Responding to critics who crowded a Golden City Council meeting this week, City Manager Mike Bestor cancelled his invitation to the Al Jazeera English cable news network to interview residents at a barbecue in his back yard during Barack Obama’s acceptance speech.
Al Jazeera English still plans to broadcast from the Buffalo Rose, a saloon on Golden’s historic main street, including a panel discussion on health care and the economy set for Aug. 27. The network, launched two years ago, is the third-largest English language news network, and plans to cover the DNC from the Pepsi Center and other Denver locations.
“The idea here is to broadcast to people all around the world and give them a sense of how Americans are engaged in their own political process,” Rob Reynolds, senior correspondent with Al Jazeera, told KWGN-TV.
That political process turned on the network when Golden residents aired their complaints during the public comment section at a city council meeting. “I am not happy about Al Jazeera infiltrating our small town and portraying us however they see fit,” said Dawne Montoya, according to KWGN-TV.
Some residents showed up to speak in favor of welcoming the network, but many questioned whether Bestor’s involvement would constitute an endorsement of the Qatar-based news group. Bestor didn’t return phone calls Friday, but the city posted a letter explaining his decision on its Web site:
City Manager Mike Bestor explained that he had made the invitation to host the barbecue as a private citizen, believing that doing so would enable him to ensure that that a representative group of Golden citizens were interviewed and that Golden would be fairly represented. He said he believed that hosting such a discussion of the issues was an excellent way to illustrate democracy to the rest of the world and to show that neighbors can disagree politically and still work together toward the good of their community.
However, after listening to the thoughtful comments of many citizens on both sides of the issue, Bestor said he realized that his position as the City Manager inadvertently tied his personal invitation to Al Jazeera to the City and the Council. He also said that he was “sorry for the divisiveness this has caused in the community” and that he had not intended in any way to insult or disrespect the many brave veterans and men and women currently serving this country in the Armed Forces. As such, he revoked the invitation he had previously extended to Al Jazeera.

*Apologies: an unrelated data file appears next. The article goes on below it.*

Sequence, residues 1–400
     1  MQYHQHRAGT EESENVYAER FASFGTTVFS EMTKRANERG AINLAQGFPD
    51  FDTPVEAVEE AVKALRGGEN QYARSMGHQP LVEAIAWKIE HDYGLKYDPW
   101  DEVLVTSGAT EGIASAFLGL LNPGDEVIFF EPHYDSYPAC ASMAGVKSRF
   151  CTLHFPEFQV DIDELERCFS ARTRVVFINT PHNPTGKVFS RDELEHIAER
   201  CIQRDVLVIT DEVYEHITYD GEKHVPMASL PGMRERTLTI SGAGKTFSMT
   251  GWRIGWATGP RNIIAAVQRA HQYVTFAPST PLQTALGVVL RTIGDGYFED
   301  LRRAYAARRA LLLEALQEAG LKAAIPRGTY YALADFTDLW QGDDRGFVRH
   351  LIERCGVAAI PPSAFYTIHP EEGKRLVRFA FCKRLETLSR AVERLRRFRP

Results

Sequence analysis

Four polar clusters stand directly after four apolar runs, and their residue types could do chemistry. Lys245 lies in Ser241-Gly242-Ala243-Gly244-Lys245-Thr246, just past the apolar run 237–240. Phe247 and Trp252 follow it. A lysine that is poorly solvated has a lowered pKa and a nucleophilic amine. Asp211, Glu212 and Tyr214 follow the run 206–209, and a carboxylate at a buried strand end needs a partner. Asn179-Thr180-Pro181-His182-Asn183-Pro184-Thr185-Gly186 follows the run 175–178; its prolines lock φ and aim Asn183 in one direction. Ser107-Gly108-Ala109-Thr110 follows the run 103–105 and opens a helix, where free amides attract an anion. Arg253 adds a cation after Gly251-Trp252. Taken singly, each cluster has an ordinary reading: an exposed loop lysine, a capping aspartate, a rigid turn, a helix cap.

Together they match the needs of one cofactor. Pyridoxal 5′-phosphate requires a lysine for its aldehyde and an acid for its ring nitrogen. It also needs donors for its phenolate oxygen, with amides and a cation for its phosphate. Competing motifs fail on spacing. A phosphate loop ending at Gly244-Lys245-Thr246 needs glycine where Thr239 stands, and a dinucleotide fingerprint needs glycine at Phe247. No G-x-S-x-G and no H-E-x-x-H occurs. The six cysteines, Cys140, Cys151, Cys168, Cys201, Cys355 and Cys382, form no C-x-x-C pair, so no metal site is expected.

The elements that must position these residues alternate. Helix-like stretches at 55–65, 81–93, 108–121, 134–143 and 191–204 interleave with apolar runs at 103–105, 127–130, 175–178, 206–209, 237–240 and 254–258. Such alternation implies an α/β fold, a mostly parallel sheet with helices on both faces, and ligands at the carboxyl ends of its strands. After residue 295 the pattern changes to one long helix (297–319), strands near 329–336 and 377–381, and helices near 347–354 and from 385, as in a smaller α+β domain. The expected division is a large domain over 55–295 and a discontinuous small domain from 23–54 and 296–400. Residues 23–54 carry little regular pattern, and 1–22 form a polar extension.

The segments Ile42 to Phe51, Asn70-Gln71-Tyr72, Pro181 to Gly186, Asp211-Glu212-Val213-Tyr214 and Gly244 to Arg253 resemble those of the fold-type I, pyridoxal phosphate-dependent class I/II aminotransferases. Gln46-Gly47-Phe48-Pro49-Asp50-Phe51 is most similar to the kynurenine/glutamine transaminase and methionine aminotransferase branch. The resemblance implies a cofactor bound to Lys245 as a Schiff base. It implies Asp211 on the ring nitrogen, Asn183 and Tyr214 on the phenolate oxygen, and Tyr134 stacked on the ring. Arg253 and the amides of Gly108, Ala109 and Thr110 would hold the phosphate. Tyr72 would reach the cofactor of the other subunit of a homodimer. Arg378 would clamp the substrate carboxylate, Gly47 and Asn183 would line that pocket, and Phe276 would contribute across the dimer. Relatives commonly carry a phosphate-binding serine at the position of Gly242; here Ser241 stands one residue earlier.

After reiterating the city council’s support of the First Amendment, the letter went on to say:
The City of Golden doesn’t have the right to restrict or prohibit Al Jazeera or any other news agency from broadcasting out of the City, whether we approve of their coverage or not, whether we share their perspectives or not, whether we find their coverage offensive or not.
City leaders told a different story a week ago when they were celebrating Al Jazeera’s planned broadcast from the sleepy town 15 miles west of downtown Denver. As The Denver Post reported:
“Al-Jazeera is always going to evoke some raised eyebrows from folks who aren’t real familiar with their work since it isn’t seen here,” city spokeswoman Sabrina D’Agosta said.
But, she said, “al-Jazeera is a legitimate news organization, and we want those 120 million viewers to see that regular folks in the United States are great people and we have a lot of diversity in our population and our views.”
While al-Jazeera has been controversial, “I don’t have a problem with them being here,” said Gary Wink, president of the Golden Chamber of Commerce. “Everybody in the world is going to be watching this convention, so why not show Golden?”
D’Agosta didn’t return phone calls Friday after her boss changed his mind in the face of public criticism. She did, however, post the letter from the city on YourHub, including the remarks about Bestor’s invitation “inadvertently” linking his barbecue invitation to the city and its elected officials.
A week ago, the link was perhaps less inadvertent, as Golden Mayor Jacob Smith told the Post he was one of those attending the barbecue to discuss the environment on camera along with members of a town committee on sustainability. “It’s a terrific opportunity to let parts of the world that watch al-Jazeera see what democracy is like in a small town,” the mayor said. Last night, they found out, even if the network’s cameras weren’t rolling.